Another c++ class problem,

This is a discussion on Another c++ class problem, within the C++ Programming forums, part of the General Programming Boards category; Hello, i posted here a few days ago about a class access issue and have since gotten a new hw ...

  1. #1
    Registered User
    Join Date
    Sep 2011
    Posts
    8

    Another c++ class problem,

    Hello, i posted here a few days ago about a class access issue and have since gotten a new hw to do and did it but i cant get it to run. here is the header and the implementation file so you dont have to ask for it since its hard to explain what my specific problem is.

    here is my header file, Invoice.h
    Code:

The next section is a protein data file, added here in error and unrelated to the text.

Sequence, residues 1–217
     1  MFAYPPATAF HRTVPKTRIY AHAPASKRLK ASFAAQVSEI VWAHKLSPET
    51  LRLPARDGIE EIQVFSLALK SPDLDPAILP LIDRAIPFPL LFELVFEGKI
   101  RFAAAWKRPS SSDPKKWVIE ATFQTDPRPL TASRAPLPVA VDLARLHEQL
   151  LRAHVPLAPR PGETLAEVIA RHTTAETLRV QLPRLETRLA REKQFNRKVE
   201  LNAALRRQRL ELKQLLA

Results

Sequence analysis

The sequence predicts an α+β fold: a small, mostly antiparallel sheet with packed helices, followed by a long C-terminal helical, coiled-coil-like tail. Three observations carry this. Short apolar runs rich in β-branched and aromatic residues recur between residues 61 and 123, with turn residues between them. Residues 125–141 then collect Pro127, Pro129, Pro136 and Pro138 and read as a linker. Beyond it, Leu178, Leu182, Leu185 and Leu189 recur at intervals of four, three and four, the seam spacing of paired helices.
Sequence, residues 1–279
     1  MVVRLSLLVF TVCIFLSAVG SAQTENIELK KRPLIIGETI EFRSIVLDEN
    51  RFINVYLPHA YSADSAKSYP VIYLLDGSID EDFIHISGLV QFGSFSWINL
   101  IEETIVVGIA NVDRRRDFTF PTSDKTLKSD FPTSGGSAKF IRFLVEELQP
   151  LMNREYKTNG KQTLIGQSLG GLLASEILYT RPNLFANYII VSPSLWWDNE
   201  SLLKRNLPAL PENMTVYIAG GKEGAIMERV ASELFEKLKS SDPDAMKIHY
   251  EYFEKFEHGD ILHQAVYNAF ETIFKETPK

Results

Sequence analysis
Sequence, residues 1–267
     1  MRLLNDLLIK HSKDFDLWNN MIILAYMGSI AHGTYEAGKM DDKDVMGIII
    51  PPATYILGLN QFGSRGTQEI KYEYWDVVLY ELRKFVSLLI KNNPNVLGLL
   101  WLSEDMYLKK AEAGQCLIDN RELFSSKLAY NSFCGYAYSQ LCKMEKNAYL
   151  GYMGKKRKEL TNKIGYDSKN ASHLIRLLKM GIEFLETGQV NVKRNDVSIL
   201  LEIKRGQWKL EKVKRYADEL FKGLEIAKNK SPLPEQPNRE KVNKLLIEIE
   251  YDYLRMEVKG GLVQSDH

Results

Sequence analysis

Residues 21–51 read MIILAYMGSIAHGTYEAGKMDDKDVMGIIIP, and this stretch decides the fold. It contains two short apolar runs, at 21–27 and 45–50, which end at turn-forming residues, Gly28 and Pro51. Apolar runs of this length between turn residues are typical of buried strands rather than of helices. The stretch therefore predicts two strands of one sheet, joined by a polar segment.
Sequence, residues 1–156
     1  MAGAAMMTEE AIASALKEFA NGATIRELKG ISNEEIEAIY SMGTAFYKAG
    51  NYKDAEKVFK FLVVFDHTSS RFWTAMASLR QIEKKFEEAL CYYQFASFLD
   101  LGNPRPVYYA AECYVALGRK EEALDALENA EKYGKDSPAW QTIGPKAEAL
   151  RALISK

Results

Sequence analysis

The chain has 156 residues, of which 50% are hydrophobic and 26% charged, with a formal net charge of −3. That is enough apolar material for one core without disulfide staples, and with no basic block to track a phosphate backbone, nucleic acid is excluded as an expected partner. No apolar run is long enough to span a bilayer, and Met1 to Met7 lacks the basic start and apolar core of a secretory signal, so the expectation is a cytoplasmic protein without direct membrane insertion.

#include <iostream>
    #include <string>
    
    using namespace std;
    
    class Invoice
    {
    	private:
    		string PartNumber;
    		string PartDescription;
    		int Quantity;
    		int PricePerItem;
    
    	public:
    		void setPartNumber(string);
    		string getPartNumber();
    		void setPartDescription(string);
    		string getPartDescription();
    		void setQuantity(int);
    		int getQuantity();
    		void setPricePerItem(int);
    		int getPricePerItem();
    		int getInvoiceAmount();
    		Invoice(string, string, int, int);
    };
    and my Invoice.cpp
    Code:
    #include "stdafx.h"
    #include "Invoice.h"
    #include <string>
    
    using namespace std;
    
    Invoice::Invoice(string num, string description, int quantity, int cost)
    {
    	if(quantity < 0)
    	{
    		cout << "Quantity cannot be negative!" << endl;
    		cout << "Enter new quantity:";
    		cin >> quantity;
    	}
    	if(cost < 0)
    	{
    		cout << "PricePerItem cannot be negative!" << endl;
    		cout << "Enter new price:";
    		cin >> cost;
    	}
    	
    	Invoice::setPartNumber(num);
    	Invoice::setPartDescription(description);
    	Invoice::setQuantity(quantity);